If the Government of Gustavo Petro has made something clear in these 10 months of mandate, it is its commitment to end the years of armed conflict and violence in the country through dialogue. From his inauguration speech to the recently approved National Development Plan, he has conveyed to us the essence of his commitment: to dialogue on how not to kill each other, to seek common paths and to resolve the old violence and those that arose or changed due to the failure to comply with peace processes. The ultimate goal, he declares, is to protect life and ensure that a dignified life is at the center of public policy. And one step to achieve this is to provide the opportunity for all violent actors to make a transition to the Social Rule of Law, through negotiations or "socio-legal conversations," depending on whether the group is considered a rebel or a high-impact criminal structure.
These conversations and negotiations began to be more media from the moment the president sanctioned the legal framework of the so-called total peace. The negotiating table with the ELN was reactivated. Buenaventura was presented as a laboratory of peace because of the exploded phase of dialogues and the truce between the gangs Los Espartanos and Los Shottas. The future installation of a talks table with the so-called Central General Staff and an urban peace pilot in the Aburrá Valley was announced. At least 22 armed groups announced their interest in joining the total peace such as the Clan del Golfo, the Second Marquetalia, the Pachencas or the Rastrojos Costeños. In addition, at the beginning of the year, the president announced the agreement of a bilateral cessation with five organizations. This avalanche of announcements provoked a wide spectrum of responses among citizens: from illusion, hope and expectations, to skepticism, distrust and pessimism.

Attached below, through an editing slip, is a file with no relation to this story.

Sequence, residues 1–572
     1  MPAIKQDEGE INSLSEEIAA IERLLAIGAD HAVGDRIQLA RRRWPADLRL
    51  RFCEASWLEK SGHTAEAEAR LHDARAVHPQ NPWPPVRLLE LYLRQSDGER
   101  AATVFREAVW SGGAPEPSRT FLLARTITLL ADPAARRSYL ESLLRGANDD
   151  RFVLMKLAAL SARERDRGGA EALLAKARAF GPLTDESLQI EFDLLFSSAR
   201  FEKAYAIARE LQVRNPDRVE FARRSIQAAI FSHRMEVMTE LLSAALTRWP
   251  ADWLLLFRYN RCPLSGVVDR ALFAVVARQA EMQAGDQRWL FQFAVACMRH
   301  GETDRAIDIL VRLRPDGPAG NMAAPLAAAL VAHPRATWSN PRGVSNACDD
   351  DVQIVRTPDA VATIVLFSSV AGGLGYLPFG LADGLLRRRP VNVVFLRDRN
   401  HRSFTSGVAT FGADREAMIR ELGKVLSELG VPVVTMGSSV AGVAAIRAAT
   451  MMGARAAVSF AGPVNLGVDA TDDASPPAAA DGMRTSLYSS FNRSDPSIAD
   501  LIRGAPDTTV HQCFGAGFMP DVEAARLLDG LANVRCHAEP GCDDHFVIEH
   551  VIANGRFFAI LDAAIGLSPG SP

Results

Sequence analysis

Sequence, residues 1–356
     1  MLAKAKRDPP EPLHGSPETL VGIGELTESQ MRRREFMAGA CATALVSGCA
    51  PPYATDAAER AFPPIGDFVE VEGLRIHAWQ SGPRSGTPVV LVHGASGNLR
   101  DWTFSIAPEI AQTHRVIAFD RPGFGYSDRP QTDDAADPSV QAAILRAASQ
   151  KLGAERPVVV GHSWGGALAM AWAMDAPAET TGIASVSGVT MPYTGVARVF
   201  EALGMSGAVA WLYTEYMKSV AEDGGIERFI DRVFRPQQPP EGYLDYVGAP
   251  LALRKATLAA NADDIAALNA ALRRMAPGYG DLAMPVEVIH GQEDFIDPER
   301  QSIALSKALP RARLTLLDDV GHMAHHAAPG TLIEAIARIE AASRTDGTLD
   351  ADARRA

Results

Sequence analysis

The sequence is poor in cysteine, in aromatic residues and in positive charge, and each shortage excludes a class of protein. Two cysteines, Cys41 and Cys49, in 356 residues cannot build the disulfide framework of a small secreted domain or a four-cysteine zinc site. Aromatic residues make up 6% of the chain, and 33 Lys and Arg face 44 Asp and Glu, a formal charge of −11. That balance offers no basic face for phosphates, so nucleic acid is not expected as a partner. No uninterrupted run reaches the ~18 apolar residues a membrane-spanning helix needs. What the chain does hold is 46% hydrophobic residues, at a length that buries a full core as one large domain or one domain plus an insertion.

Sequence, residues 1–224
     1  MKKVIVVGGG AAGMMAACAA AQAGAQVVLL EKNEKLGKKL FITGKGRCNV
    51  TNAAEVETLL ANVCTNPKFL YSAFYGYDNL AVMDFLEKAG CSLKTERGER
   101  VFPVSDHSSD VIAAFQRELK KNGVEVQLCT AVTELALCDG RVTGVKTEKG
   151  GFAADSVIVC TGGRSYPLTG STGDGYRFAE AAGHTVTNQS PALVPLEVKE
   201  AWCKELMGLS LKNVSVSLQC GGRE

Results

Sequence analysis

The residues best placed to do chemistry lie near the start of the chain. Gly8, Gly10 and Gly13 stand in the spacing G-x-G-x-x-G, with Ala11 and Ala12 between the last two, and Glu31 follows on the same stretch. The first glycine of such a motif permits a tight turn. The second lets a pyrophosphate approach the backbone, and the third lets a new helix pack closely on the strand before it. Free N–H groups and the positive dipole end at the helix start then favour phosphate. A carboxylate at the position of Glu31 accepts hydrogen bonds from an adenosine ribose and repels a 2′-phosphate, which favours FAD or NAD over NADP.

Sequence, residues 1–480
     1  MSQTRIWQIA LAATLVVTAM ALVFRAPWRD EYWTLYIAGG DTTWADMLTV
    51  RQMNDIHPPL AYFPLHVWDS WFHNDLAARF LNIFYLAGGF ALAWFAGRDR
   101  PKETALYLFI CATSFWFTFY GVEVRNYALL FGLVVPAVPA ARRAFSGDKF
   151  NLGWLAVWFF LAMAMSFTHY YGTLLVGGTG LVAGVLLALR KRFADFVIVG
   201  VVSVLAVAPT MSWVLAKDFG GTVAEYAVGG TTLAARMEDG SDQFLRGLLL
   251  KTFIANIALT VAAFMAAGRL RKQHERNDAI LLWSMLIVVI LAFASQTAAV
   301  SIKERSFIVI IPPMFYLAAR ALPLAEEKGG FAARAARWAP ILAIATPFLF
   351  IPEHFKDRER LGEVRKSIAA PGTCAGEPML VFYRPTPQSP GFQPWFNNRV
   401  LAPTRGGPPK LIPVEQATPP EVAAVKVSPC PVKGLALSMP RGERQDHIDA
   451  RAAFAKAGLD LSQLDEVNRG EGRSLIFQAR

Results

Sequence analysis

The accumulation of several unfavorable facts is tipping the balance to the negative side, especially since it is increasingly clear that the Government has not made the necessary planning to win this huge bet. The desire, the vote of confidence, the "it is always preferable to try rather than do nothing" is not enough: it is essential that the government shows that it knows what it is doing and that the situation is not getting out of hand. Because so far some facts show the opposite.
For example, the ELN denied the president by stating that they had not agreed to a bilateral ceasefire; For an attack on the Public Force, the president declared the end of the ceasefire with the Clan del Golfo and this week announced the partial suspension of the ceasefire with the Central General Staff after learning that a front of this group murdered four minors who had been forcibly recruited. In Buenaventura the truce was broken and the violent acts have increased. In addition, violence continues in other areas of the country, as shown by the recent attack on members of the Police in Tibú or the escalation of violence in Barranquilla.
Of course, it is not the Government that recruits or carries out the attacks, but it is the one that has set itself the objective of stopping them by way of total peace. Despite some positive impacts, unfortunately in that objective it is not giving the expected results. That may be due to four major flaws.
The first is the apparent ignorance or incomplete information about the groups with which we dialogue. For example, the president himself has said that he doubts whether the ELN leaders sitting at the negotiating table really rule over the group. Experts in organized crime in Medellín question the innocence of the government, thinking that it is enough to ask for peace for the groups to obey, without clarity on the incentives that members of these organizations have to enter into a process of submission: since many do not have pending justice, why would they want to submit?